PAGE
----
Frequently asked questions about FAQ pages

Your FAQ page can free up staff from answering repetitive questions, help with customer service and even win more customers for your business.

Why do I need one?

The Frequently Asked Questions page is, as the name suggests, the page on your website where you address the most common questions or concerns your customers or potential customers have.

By taking care of the questions you get most often, your FAQ page helps to relieve the burden of answering telephone or email queries. And it is the first port of call for many customers who want to find a quick answer on the internet rather than having to make a phone call.

But it can do a lot more than that.

It is also an important customer service tool and even a sales tool.

The FAQ page is a chance to give consumers more details about your products and help them make a purchasing decision.

Where appropriate, you can include a call to action to guide your customer to the next step in the purchasing journey, whether that is to specific product pages, or to contact you for more information. You should always remember, however, that the primary purpose of the FAQ page is to answer customers’ questions. If you have too much marketing speak it will turn them off.

Where do I find the questions?

The simple answer is ‘from your customers’.

Start by keeping a record of the questions you are most often asked and monitor your social media sites for what customers are saying. Try to ask real questions that customers would ask, and avoid the “why are your products so fantastic?” type of questions.

You should also anticipate potential barriers to purchase, and phrase questions around these to help overcome any reluctance.

For instance, you might sell cosmetics and skincare products online and have customers who are concerned about animal welfare. You ask in your FAQs “Are your products tested on animals?” and then explain in the answer that they aren’t and all of your products have the relevant certifications.

Music streaming service Spotify uses the question “Can I burn CDs in Spotify?” as an opportunity to remind potential customers about its huge music library.

If you find you end up with a very long list of questions, you should help users find what they are looking for by grouping them into categories, like US online clothing and shoe retailer Zappos has done.

How should I write my FAQs?

Each FAQ should answer a specific question rather than something vague, so “What do I do if I’ve forgotten my password?” is better than “What about passwords?”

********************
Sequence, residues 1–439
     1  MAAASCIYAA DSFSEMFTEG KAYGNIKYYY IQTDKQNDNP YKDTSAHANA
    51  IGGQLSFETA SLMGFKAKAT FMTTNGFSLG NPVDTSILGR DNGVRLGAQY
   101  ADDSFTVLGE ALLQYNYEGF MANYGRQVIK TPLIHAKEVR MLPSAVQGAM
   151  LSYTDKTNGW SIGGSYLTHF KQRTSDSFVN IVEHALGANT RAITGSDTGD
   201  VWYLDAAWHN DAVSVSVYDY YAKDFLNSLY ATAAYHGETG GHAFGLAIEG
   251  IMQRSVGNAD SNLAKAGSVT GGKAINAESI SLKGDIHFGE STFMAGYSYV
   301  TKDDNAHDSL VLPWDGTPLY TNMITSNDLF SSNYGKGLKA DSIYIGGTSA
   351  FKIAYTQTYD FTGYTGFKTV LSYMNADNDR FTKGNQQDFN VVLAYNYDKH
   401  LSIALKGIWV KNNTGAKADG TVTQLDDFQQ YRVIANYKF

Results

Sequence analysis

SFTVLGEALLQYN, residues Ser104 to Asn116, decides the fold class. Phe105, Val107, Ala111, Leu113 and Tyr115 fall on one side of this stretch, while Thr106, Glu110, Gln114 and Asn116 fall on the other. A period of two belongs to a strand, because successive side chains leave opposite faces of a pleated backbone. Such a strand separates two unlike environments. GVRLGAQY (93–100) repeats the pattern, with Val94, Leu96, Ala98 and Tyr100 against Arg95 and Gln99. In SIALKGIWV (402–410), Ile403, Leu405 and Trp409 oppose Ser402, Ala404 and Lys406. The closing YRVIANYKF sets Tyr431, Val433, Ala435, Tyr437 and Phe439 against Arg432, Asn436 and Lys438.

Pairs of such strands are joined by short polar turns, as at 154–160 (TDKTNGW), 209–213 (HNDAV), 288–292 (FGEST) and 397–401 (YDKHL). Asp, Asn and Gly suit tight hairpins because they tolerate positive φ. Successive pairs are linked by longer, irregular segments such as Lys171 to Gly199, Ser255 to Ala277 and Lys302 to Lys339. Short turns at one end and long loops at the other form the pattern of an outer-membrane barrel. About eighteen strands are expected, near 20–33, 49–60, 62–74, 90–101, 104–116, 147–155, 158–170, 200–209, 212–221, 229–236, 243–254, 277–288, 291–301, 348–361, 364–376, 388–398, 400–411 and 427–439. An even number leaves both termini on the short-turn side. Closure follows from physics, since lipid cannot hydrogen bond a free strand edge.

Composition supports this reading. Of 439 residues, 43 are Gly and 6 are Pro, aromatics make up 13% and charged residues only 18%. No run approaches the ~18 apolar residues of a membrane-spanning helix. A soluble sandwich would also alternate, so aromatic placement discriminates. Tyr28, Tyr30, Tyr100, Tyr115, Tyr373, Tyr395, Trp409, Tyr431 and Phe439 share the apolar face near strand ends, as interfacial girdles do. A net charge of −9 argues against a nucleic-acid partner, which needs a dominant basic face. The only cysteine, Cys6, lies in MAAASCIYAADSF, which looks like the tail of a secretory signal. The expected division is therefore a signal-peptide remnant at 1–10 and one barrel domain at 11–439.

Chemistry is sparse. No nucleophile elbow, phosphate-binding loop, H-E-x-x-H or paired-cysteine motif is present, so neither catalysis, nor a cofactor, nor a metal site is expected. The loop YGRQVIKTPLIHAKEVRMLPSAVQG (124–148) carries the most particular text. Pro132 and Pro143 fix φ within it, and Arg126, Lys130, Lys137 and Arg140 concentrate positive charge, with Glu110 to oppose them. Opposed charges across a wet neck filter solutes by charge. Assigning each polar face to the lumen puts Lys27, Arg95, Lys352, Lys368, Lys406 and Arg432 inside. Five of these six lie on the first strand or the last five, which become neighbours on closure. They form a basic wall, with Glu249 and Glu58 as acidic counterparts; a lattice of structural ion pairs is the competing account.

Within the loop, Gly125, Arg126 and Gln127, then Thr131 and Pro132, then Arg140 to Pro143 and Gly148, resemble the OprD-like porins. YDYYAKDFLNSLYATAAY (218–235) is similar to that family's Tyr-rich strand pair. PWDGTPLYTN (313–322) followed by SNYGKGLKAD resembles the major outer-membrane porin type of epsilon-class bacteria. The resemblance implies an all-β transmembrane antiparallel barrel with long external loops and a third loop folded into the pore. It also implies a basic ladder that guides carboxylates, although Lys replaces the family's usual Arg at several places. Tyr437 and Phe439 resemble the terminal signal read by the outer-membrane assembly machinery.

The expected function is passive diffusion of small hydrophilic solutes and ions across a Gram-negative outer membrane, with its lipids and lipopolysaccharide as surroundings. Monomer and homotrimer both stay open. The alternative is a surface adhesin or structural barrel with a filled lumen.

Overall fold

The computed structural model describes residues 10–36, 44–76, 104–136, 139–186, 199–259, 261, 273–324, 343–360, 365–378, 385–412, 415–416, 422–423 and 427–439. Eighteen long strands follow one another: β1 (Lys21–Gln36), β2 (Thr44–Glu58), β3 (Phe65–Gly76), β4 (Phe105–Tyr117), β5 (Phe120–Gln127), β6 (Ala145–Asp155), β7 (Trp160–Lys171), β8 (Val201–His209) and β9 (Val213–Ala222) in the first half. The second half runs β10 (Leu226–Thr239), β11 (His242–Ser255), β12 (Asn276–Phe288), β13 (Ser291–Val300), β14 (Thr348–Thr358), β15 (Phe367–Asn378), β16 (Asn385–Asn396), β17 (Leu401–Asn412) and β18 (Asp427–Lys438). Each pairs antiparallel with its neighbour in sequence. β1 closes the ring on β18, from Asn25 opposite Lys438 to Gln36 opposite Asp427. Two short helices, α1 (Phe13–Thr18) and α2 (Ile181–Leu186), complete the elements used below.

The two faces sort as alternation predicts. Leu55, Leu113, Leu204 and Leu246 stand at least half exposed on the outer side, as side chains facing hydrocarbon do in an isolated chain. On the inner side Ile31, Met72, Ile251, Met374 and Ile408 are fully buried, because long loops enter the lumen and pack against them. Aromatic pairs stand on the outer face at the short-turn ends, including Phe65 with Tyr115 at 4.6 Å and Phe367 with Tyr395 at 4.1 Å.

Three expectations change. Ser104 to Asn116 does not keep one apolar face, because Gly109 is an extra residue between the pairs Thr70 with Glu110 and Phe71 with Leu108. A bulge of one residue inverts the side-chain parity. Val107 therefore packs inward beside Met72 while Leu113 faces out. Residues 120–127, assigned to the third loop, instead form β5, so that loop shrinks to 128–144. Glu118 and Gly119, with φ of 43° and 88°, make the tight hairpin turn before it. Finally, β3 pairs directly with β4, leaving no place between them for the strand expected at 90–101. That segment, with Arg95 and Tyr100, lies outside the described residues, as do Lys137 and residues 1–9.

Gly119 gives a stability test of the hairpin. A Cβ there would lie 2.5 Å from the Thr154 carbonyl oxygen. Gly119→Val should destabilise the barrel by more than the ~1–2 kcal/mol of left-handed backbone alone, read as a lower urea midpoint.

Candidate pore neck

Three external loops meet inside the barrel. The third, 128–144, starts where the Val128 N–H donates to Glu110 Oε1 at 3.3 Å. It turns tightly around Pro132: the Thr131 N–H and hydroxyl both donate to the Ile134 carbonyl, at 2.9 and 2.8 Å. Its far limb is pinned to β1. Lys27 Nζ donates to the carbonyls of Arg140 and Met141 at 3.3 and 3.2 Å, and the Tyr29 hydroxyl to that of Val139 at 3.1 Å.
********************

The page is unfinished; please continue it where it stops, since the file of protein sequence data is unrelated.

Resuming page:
Try to write the questions from the customer’s point of view – “How long will it take to deliver my order?”

And respond as if you are talking to the customer – “We will dispatch your order on the same day we receive it and you should expect to receive your parcel one or two days’ later.”

FAQ pages have to be informative, but they don’t have to be deadly serious. So if your brand has a bit of personality, you can inject that into your answers. For instance, the FAQ page of Cards Against Humanity (a card game that focusses on the dark side of life) has a page that amplifies its brand.

Also, answers shouldn’t be more than a few sentences at most. If you find they’re getting too long, break your answers up into new questions.

Can it help my SEO score?

It may if you build it correctly. If you or your website designer give each question its own dedicated weblink your website is more search-friendly. Each answer can then be found in your own from a Google search. Giant retailer Amazon employs this technique on one of its FAQ pages, and there’s no reason why a small business can’t as well.

This means that even if web users aren’t searching for information about your product specifically, they can be directed to your page, giving you access to a potential new customer.

Software company HubSpot does a good job of this and some of the questions they provide are the sort of questions that people might also type into google.

This also makes the pages easier to navigate, as having all of the questions together at the top of the page saves the reader from having to scroll down through many questions and answers to find what they’re looking for.

You should avoid duplicating content that is contained elsewhere on the site in your FAQs as this will actually hurt your SEO score. Instead, ask the question on the main FAQ page then link to the relevant content.

Anything else?

Make sure you keep your FAQs up to date as your products change or as new concerns emerge from customers.

Also, you should make your FAQs prominent and findable and not hide them down the bottom of the website. You should clearly link to FAQs from your homepage and any other pages which you think might raise questions that customers want to be answered.

People using FAQ pages are looking for more information about your business and its products, so include contact details on the page and encourage them to get in touch if they haven’t found answers to their questions.

Finally, your FAQ page shouldn’t be an afterthought. You should view it an important part of customer service and a sales tool, and build the best one you can.

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